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You searched for: Publishing Institution Centre for International Environmental Studies, The Graduate Institute (IHEID) Remove constraint Publishing Institution: Centre for International Environmental Studies, The Graduate Institute (IHEID) Political Geography Africa Remove constraint Political Geography: Africa Publication Year within 10 Years Remove constraint Publication Year: within 10 Years Publication Year within 5 Years Remove constraint Publication Year: within 5 Years Topic Climate Change Remove constraint Topic: Climate Change
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  • Author: Pedro Naso
  • Publication Date: 09-2019
  • Content Type: Research Paper
  • Institution: Centre for International Environmental Studies, The Graduate Institute (IHEID)
  • Abstract: I study the economic motivations behind a reduction in the discretionary power of environmental regulators, and the impact that such reduction has on perceived corruption in South Africa. I examine the transition from the Air Pollution Protection Act of 1965 to the Air Quality Act of 2005, a change from full to partial delegation of regulation. By constructing a principal-agent model, I argue that this transition might have occurred because of an increase in the dispersion of rent-seeking motivations of public agents. This happens because, from the principal’s perspective, the possible harm— loose pollution control and misappropriation of environmental fines— generated by corrupt agents is greater than the potential benefits brought by diligent agents. In my empirical analysis, I use diff-indiffs models for a two-period panel with 191 South African firms to show that the regulatory change decreased treated firms’ perceived corruption, but did not improve other institutional quality measures.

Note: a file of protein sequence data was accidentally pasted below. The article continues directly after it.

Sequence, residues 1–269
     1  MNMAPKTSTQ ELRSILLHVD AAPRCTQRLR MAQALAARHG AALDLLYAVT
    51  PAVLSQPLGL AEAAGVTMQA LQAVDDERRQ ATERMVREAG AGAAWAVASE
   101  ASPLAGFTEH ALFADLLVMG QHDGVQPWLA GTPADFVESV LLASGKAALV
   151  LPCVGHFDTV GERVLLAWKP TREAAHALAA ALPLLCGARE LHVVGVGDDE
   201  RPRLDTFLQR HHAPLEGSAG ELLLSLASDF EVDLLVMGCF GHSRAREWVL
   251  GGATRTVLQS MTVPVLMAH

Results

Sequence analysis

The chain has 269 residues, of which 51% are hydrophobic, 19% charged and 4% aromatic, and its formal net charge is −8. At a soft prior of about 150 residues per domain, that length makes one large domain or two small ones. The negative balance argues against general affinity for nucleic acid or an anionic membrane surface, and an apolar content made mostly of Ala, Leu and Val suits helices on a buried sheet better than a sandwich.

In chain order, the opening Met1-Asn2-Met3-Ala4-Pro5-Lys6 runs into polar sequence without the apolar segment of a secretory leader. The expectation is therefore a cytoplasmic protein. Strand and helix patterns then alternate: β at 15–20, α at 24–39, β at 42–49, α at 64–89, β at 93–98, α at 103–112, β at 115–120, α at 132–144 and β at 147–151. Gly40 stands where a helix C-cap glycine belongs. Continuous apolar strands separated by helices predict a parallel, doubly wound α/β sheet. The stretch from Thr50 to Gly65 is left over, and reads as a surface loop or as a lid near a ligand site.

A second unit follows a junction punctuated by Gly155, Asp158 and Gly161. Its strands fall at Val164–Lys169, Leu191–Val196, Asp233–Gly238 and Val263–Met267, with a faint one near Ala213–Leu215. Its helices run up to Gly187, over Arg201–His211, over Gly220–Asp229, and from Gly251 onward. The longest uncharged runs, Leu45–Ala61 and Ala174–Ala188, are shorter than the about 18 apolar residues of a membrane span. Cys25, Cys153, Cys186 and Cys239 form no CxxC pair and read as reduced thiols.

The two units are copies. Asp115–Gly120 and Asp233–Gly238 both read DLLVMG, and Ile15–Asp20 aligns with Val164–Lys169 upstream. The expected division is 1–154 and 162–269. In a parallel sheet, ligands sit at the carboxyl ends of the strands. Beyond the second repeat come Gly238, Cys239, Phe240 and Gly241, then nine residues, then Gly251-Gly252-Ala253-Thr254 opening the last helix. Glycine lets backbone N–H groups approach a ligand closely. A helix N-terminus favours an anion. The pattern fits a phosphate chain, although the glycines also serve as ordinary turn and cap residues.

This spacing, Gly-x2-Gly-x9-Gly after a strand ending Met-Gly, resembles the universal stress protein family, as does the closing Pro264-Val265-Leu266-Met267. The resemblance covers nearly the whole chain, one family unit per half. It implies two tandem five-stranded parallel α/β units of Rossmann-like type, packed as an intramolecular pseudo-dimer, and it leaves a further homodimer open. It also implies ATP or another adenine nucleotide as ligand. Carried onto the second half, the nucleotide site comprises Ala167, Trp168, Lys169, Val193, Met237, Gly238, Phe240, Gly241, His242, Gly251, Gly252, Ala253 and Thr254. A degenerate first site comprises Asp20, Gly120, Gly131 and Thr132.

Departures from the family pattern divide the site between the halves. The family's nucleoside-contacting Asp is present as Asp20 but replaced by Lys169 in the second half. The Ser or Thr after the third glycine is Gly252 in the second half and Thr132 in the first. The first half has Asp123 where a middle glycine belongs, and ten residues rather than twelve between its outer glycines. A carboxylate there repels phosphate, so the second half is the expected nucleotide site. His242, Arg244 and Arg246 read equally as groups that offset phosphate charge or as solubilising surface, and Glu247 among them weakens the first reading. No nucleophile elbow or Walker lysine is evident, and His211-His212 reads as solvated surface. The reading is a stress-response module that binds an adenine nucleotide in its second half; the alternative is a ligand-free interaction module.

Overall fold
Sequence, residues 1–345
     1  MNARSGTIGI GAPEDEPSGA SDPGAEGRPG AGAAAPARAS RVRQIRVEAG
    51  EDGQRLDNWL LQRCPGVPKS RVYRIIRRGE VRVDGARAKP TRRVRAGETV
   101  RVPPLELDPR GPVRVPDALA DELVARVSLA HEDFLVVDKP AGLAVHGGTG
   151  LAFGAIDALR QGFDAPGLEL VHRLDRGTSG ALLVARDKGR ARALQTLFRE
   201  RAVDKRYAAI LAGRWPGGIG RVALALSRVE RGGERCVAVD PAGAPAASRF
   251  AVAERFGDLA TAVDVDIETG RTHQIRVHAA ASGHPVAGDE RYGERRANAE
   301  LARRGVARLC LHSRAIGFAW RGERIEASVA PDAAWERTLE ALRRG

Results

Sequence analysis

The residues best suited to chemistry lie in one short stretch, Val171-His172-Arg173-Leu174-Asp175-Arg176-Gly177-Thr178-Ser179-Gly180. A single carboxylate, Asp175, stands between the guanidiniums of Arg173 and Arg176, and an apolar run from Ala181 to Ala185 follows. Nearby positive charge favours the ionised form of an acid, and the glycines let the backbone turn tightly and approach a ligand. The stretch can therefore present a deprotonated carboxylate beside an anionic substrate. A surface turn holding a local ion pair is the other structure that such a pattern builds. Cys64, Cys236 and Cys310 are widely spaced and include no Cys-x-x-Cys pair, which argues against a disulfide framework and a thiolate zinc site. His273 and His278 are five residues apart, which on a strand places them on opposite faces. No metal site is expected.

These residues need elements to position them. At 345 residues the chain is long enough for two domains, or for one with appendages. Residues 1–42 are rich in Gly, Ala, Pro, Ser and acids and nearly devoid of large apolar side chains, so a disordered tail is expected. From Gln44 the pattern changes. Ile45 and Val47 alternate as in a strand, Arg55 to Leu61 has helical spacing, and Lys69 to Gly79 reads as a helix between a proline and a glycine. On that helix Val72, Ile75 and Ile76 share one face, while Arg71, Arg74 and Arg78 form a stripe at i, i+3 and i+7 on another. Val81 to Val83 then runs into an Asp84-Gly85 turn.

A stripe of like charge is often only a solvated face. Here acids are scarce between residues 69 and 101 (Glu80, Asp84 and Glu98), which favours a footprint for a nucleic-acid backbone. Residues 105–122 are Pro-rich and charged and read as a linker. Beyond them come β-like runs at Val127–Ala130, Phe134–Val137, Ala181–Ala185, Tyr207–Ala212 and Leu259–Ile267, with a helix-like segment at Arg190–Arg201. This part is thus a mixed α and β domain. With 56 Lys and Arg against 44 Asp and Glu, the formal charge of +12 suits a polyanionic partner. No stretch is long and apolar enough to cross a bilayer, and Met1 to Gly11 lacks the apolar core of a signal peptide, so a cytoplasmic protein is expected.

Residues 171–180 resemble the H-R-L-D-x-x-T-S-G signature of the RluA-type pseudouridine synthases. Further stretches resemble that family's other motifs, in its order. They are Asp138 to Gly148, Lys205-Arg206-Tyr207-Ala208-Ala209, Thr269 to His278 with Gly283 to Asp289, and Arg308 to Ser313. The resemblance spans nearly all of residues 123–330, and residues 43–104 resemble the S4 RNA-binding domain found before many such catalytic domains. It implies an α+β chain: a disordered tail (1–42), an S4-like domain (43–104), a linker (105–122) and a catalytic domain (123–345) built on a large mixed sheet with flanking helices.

• Topic: Climate Change, Economics, Environment, Regulation, Pollution
  • Political Geography: Africa, South Africa
  • Author: Pedro Naso
  • Publication Date: 12-2019
  • Content Type: Research Paper
  • Institution: Centre for International Environmental Studies, The Graduate Institute (IHEID)
  • Abstract: Since the second half of the 20th century, with the contributions of Coase, Williamson and North, the economic literature has emphasised the role of institutions in explaining differences in economic performance. According to the most diffused view, countries with good institutions will invest more in physical and human capital, will use productive factors in a more efficient way, and will achieve greater income level. But what are good institutions? And how should governments implement them? Answers to these questions have proven to be difficult mainly because of two characteristics of institutions: (i) institutional functioning is complex: the way institutions affect economic agents’ incentives is dependent on these agents’ individual preferences and the way they interact, which are difficult to predict; and (ii) they are context specific – the same institution in different contexts might result in a different economic outcome.
  • Topic: Climate Change, Economics, Environment, Regulation, Economic Policy
  • Political Geography: Africa, South Africa, Sierra Leone